On another side note, on Sunday I started working out for the first time in a couple years. I just felt the need to move. I’ve lost enough weight from the cello diet that it actually feels good again. I felt a sudden need to take better care of my body since the only one I have with which to play cello. Not sure this will last, but I’ve felt more like myself these last few days. Today my back and shoulder were hurting, which happens to me a lot due to an injury that I remember having at the latest since the age of six, but it could be older (I just can’t remember since I was so young.) Usually I take it slowly and try not to move which I hurt like this, which means no cello. Today, however, I just felt the need to move. So I exercised and stretched thoroughly, which helped a great deal — enough that I could play. So, I’ve made it my goal to exercise, even just for 30 minutes, every day. I figure if I can somehow carve out several hours for practice, I can carve out 30 minutes for exercise. Of course, I’m not sure this will actually last, but for now it feels good, even if it take a little bit of time away from cello.


2 responses »

  1. I was under the impression I was breathing just fine while playing…until I started paying attention to my breathing. And I’m totally with you on the shifting thing. At last rehersal I discovered I was holding my breath for six whole measures due to some crazy shifting requirements. I’d love to know – if any – breathing exercises you are doing while you play.
    I’ve mostly been trying to incorporate more yoga “belly breathing” cause that also calms my nerves, but I’m wondering if there is other stuff I could be doing to help!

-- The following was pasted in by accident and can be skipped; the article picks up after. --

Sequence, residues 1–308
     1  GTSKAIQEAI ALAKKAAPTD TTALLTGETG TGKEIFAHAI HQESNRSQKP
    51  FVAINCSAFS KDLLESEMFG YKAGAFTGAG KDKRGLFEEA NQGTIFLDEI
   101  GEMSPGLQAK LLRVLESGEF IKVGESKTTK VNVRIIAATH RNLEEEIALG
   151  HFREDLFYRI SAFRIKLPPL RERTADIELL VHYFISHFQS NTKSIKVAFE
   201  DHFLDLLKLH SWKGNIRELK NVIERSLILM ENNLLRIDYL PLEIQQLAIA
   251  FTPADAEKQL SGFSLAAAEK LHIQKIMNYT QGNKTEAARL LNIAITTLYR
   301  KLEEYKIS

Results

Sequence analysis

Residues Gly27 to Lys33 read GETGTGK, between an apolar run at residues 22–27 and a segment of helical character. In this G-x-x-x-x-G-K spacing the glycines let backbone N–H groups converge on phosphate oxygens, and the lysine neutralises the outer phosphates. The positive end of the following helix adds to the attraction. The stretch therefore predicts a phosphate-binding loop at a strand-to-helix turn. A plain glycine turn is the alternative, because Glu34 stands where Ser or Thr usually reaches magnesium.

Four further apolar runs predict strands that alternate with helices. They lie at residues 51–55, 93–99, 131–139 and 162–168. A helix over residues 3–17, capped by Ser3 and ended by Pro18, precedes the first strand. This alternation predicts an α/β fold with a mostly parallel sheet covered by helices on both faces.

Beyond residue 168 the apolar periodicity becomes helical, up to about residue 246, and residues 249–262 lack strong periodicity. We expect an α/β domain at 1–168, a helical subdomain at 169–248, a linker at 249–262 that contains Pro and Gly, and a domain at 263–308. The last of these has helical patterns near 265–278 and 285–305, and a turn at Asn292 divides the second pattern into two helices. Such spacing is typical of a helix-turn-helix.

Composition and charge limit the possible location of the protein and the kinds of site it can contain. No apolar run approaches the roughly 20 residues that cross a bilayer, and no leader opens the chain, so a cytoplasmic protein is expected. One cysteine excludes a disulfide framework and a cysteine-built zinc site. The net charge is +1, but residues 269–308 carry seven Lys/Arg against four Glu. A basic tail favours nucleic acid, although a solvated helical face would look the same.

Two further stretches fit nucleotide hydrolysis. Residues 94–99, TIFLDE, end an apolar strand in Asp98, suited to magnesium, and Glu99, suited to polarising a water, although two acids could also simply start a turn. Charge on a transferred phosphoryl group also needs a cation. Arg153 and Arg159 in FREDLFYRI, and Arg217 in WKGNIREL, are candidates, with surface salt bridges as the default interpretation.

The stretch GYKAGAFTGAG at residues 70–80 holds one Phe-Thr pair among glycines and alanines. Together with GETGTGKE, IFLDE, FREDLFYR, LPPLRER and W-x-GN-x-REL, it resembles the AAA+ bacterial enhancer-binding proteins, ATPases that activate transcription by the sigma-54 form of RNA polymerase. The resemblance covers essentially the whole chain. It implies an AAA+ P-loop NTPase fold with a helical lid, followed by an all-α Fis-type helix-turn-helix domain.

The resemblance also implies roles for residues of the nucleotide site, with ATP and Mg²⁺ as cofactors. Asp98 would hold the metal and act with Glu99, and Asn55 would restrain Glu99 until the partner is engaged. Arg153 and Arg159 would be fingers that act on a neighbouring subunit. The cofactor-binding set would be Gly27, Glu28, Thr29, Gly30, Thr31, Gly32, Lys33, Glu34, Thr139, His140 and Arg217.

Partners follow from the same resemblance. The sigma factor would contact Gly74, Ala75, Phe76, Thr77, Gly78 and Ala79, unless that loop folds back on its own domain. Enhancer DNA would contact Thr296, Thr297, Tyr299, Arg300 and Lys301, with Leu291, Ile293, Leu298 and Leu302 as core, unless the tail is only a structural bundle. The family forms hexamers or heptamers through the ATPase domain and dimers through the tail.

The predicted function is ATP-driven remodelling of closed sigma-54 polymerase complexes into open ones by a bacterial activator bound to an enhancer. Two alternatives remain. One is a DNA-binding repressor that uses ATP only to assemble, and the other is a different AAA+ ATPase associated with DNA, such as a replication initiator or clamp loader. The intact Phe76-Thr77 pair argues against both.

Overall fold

• Start out really really basic (it’s harder than you think!) my teacher says breathe in through the nose and out through the mouth to help make your breathing more continuous/circular. Start out with something simple like a nod octave G major scale, one note per bow, using the whole bow. Take a good deep belly breath, breathe out deeply, then breathe in again. On the outbreath is your downbow on tonic. Up bow, inbreath for supertonic. Downbow, outbreath for mediant, etc. Make sense?

      For shifting she recommends inbreath while prepping and outbreath as you shift. It’s good to practice that one on its own first since it’s harder and the note during which you are prepping may be an outbreath in the scale (which makes you have to switch things up a bit.) In songs, if there is a part where you start holding your breath, try to figure out a good way to breath with the motions very consciously- ie. if you tense at a shift, make sure you take a good inbreath before so you can breathe out through the hard part.

      I know you’ve been working on tone a lot lately and this should help considerably. Today I worked entirely on my breathing and making left, right, and breathing all one action. By the end it was sounding good enough that I remembered why I chose the cello over all the other instruments in the first place- to me there is nothing more beautiful than a well played cello. Certainly my playing was far from perfect, but I was able to hear from my own cello the kinds of sounds that drew me to the instrument in the first place.

Leave a Reply

Fill in your details below or click an icon to log in: Logo

You are commenting using your account. Log Out /  Change )

Google+ photo

You are commenting using your Google+ account. Log Out /  Change )

Twitter picture

You are commenting using your Twitter account. Log Out /  Change )

Facebook photo

You are commenting using your Facebook account. Log Out /  Change )


Connecting to %s